George standing at Archerfield ready to fly the people who have bought the Will to Win War bonds early 1945.
George standing at Archerfield ready to fly the people who have bought the Will to Win War bonds early 1945.

‘G for George’ remembered

SEVENTY-FIVE years ago on November 12, Rockhampton folk gathered at the airport, their eyes cast to the skies and searching for the arrival of the Lancaster Bomber ‘G for George’.

Cheers erupted from the crowd as the plane touched down after surviving 90 operational missions over Europe throughout World War II.

Stepping out of the cockpit was Rocky man and Flight Lieutenant Eddie Hudson.

‘G for George’ was one of thousands of bombers, many with Australian aircrew, which flew during the height of the war’s bombing offensive.

G for George at the Australian War Museum.
G for George at the Australian War Museum.

The plane had survived missions between 1942 to 1944, 50 of which were operated by Squadron Leader Hudson.

When the war came to an end, over 50,000 men from Britain and the Commonwealth had died in bomber operations over Europe.

Returning home to Rockhampton to see his family, Mr Hudson flew ‘G for George’ from Brisbane, circling Rockhampton twice before landing at 3pm.

Chair of Rockhampton’s airport committee, Councillor Neil Fisher said the remarkable story of Eddie and ‘George’ was one that will never be forgotten.

Cr Neil Fisher in Eddie Hudson room.
Cr Neil Fisher in Eddie Hudson room.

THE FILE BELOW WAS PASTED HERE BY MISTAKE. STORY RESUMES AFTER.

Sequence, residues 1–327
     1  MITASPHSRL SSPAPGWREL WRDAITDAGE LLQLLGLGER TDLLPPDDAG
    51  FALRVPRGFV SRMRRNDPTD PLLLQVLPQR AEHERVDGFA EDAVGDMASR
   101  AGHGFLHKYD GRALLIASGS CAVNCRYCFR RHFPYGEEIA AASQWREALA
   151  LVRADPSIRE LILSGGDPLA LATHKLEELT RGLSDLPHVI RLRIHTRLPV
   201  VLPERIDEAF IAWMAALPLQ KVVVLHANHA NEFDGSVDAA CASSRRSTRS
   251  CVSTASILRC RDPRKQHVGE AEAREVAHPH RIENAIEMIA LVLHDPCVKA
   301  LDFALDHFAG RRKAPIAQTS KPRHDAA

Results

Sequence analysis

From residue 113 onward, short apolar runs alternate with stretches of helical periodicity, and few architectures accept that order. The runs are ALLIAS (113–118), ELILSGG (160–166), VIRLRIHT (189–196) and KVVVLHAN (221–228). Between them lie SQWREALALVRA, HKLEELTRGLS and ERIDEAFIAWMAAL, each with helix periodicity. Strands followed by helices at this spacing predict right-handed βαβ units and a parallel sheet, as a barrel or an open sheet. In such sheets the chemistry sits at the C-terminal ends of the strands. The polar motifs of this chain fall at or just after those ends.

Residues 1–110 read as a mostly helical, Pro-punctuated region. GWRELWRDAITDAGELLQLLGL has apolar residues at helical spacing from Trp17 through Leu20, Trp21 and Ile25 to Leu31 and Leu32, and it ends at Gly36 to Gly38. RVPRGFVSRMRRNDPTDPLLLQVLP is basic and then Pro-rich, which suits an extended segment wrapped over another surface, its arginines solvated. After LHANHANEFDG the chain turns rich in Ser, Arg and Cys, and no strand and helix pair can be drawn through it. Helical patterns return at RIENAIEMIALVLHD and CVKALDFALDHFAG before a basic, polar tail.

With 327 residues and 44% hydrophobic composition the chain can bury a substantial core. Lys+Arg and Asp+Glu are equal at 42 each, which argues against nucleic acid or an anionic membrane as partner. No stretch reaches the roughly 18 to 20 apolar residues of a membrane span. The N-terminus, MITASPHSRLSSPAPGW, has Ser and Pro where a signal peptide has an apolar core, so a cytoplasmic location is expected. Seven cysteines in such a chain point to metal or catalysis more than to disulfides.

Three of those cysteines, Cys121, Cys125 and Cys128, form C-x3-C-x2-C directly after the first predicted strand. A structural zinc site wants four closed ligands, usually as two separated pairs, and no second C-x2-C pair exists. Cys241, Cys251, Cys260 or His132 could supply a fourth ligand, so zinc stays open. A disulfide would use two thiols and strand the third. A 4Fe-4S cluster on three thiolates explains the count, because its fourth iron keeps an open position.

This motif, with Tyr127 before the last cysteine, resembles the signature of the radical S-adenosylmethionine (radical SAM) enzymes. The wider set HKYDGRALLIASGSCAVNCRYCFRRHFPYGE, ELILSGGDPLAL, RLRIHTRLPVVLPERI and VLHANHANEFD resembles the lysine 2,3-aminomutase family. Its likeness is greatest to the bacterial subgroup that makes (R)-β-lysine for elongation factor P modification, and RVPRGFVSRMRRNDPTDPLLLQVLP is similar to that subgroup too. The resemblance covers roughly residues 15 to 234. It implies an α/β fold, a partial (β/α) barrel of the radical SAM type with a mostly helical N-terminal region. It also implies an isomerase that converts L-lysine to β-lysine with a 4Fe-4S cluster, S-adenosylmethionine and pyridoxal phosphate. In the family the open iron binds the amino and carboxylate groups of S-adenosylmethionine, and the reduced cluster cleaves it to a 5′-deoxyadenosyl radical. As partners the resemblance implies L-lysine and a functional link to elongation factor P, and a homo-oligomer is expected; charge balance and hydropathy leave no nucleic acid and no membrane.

“Most people would not realise that one of the true flying heroes of World War II was a resident of Rockhampton,” Cr Fisher said.

“He was known as a modest and gallant lad with a devotion to duty.

“It is amazing when you think that the bomber was flown by 29 different crews, with 50 of the 90 missions led by Flight Lieutenant Eddie Hudson and his crew.

“They were particularly renowned for hitting the right target in the dark.

The crew assembled for the marathon flight. L-R Wilfred Gordon, George Young, Francis Smith, Clive Tindale, Harry Tickle, Eddie Hudson, Keith Ower and Tom McCarthy.
The crew assembled for the marathon flight. L-R Wilfred Gordon, George Young, Francis Smith, Clive Tindale, Harry Tickle, Eddie Hudson, Keith Ower and Tom McCarthy.

“As we look back today and think of his achievements we are so proud of his service to Australia and his safe return home.

“It’s so special that he could then create a historical moment by flying ‘George’ to Rockhampton with his crew.”

On their return home, Mr Hudson and his crew were the guests of the Rockhampton Club.

They were entertained by the City Council at a lunch at the Heritage Hotel (formerly known as the Commercial Hotel).

During the afternoon they were guests of the Rockhampton Jockey Club at Callaghan Park.

At night they attended a reception given by the YWCA.

During his visit, Eddie said he was glad to be back.

“We are having an excellent time here, and the hospitality is almost overwhelming,” he had said.

In 2014, council opened the Eddie Hudson room at the airport to commemorate the 70th Anniversary of ‘G for George’ landing in Rockhampton.

Mr Hudson (Eddie's father), Harry Tickle (hand on hips) and other men in front of 'G for George'.
Mr Hudson (Eddie's father), Harry Tickle (hand on hips) and other men in front of 'G for George'.

“It’s important that we remember and tell this story so that the memory of Eddie and his achievements live on within our community,” Cr Fisher said.

Mr Hudson worked as a clerk with the Rockhampton City Council, before joining the RAAF in September 1940.

He was known to his cobbers as ‘The Champ’ and won the Distinguished Flying Cross and Bar.

With a red G on its nose and 90 tiny bombers painted on the plane to signify the number of its attacks on Germany, ‘G for George’ now takes pride of place in the Australian War Museum at Canberra.



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